Published On: Wed, Sep 4th, 2019

Tory Brexit chaos: How EU has torn Boris Johnson's party inside out for FORTY years


Mr Johnson is facing a pivotal moment in his premiership despite only moving into Downing Street in July. Last night, he announced in the Commons that he would bring forward a motion for an early general election after lawmakers “cut his legs off” by scuppering the prospect of a no deal Brexit. His position could worsen further as MPs can bring a bill forward today seeking to delay Britain’s departure from the EU and he could even see his election plans ruined. Labour leader Jeremy Corbyn made it clear his party would not back a popular vote unless and until a bill categorically ruling out a no deal Brexit is passed. However, Mr Johnson is certainly not the first – and probably not the last – Tory leader to see Britain’s relationship with the EU muddy the waters of his role.

Margaret Thatcher led the party from 1975 to 1990 and served as Prime Minister for 11 years after winning her first of three general elections in 1979. 

However, it was arguably Britain’s relationship with the EEC – the precursor the EU – that ultimately brought her premiership to an end. 

Mrs Thatcher was steadfast against joining the Exchange Rate Mechanism (ERM) but, in 1989, she was put under huge pressure from ministers like Nigel Lawson, Geoffrey Howe and John Major to go against her gut feeling. 

The three ministers all threatened to resign if Mrs Thatcher did not sign up to the ERM – a system used to reduce exchange rate variability to prepare national currencies for the introduction of the euro.

Eventually she backed down knowing she would lose the support of her Cabinet without doing so and, in October 1990, Britain joined. 

The row eventually led to Mr Howe’s infamously damning resignation speech on November 1, 1990, in which he likened the Government’s negotiations in the EEC to cricket. 

He argued: “It is rather like sending your opening batsmen to the crease, only for them to find, as the first balls are being bowled, that their bats have been broken before the game by the team captain.”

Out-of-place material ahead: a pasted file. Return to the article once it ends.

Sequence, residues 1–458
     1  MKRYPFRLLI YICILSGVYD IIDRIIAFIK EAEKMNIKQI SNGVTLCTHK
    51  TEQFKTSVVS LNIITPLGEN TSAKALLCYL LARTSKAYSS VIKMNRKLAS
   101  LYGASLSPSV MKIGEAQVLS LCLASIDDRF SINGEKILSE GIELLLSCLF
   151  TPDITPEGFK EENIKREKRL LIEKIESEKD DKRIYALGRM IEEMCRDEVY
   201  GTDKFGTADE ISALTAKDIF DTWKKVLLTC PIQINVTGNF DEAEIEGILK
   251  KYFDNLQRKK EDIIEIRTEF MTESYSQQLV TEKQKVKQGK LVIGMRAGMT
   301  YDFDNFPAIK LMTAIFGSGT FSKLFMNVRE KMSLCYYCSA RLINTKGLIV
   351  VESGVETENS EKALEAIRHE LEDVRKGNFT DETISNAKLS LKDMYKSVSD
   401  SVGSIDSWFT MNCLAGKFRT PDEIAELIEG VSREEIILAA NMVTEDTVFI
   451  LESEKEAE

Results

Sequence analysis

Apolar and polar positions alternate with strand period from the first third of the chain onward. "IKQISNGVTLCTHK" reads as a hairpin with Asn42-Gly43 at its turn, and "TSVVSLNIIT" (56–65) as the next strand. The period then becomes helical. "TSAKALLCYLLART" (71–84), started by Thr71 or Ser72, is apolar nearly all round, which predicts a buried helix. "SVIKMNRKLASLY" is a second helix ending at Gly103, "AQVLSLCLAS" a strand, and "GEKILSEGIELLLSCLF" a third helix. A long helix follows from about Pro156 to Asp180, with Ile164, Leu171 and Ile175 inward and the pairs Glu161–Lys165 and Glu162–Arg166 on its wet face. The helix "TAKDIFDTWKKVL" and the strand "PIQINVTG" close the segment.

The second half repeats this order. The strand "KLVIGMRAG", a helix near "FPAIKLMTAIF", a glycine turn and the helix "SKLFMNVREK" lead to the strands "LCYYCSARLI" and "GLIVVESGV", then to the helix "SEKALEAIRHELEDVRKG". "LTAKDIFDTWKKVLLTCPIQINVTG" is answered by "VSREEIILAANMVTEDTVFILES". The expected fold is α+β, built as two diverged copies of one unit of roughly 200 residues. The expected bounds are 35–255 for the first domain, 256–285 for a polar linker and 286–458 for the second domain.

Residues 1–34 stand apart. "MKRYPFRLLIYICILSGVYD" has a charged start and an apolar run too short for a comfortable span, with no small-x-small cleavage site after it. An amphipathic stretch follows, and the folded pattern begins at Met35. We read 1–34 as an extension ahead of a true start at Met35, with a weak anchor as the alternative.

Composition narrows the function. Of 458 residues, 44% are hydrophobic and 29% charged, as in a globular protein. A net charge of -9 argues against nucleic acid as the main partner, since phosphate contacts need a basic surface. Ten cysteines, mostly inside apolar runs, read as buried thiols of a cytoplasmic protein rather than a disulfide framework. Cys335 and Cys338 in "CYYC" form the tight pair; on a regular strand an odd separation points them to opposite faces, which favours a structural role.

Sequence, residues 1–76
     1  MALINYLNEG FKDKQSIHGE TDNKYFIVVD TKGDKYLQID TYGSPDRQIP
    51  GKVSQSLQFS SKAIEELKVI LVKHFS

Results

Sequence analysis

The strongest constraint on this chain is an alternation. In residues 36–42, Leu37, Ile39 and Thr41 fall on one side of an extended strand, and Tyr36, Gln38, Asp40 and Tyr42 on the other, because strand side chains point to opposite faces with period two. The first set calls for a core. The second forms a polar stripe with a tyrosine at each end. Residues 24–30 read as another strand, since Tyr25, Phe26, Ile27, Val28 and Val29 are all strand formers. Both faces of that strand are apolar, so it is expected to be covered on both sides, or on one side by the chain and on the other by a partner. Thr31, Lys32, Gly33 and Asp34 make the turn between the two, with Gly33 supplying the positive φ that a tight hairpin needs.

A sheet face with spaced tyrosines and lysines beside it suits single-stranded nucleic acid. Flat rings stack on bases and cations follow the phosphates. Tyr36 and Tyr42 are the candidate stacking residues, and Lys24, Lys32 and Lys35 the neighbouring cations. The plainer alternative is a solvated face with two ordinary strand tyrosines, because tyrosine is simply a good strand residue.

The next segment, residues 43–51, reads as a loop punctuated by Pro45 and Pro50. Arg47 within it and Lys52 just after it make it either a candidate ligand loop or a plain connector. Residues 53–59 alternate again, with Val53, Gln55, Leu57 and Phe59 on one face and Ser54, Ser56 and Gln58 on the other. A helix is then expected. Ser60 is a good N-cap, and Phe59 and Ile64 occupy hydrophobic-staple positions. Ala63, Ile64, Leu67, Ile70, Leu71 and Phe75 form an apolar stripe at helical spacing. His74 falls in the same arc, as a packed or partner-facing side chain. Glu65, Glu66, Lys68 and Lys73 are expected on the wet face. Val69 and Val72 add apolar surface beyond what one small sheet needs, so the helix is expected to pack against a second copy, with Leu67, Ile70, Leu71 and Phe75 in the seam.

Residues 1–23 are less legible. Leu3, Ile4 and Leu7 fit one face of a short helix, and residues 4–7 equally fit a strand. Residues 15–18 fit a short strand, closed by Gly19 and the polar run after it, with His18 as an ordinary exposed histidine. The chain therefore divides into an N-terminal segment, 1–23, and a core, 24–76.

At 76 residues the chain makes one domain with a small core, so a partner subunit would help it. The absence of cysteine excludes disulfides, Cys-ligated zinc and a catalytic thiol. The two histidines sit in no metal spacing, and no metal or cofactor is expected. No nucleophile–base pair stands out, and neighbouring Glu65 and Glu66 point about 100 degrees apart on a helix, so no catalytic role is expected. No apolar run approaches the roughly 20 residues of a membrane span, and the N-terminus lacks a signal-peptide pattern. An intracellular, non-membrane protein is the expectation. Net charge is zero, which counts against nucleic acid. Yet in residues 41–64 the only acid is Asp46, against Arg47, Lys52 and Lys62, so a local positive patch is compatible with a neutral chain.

His dramatic exit paved the way for Michael Heseltine’s leadership challenge and she was ousted less than a month later – on November 28, 1990. 

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Opposition to Maastricht formed a hard-line eurosceptic Tory faction in the Commons infamously dubbed “b******s” by Sir John. 

A Tory civil war followed and ultimately brought the party crashing down in a crushing 1997 general election defeat. 

Tony Blair, who was there to capitalise on the fragility, has often claimed Tory division on the EU was an easy weapon for the Labour Party during his time in Downing Street. 

Divisions over EU policy continued to blight the party during their 13 years in opposition until the next Tory Prime Minister after Sir John, David Cameron, initially enjoyed relative freedom on the subject. 

Mr Cameron famously told party members to “stop banging on about Europe” before forming a coalition with the Lib Dems after the 2010 general election. 

However, ultimately, it was exactly this issue that spelled the end of his political career when he gambled on an in/out referendum on Britain’s EU membership in 2016. 

He fiercely campaigned for Remain – but when Leave won convincingly with 52 percent of the vote and the largest electoral mandate in British history, he had no choice but to fall on his sword. 

Somewhat inevitably his successor, Theresa May, also saw EU policy dominate her premiership. 



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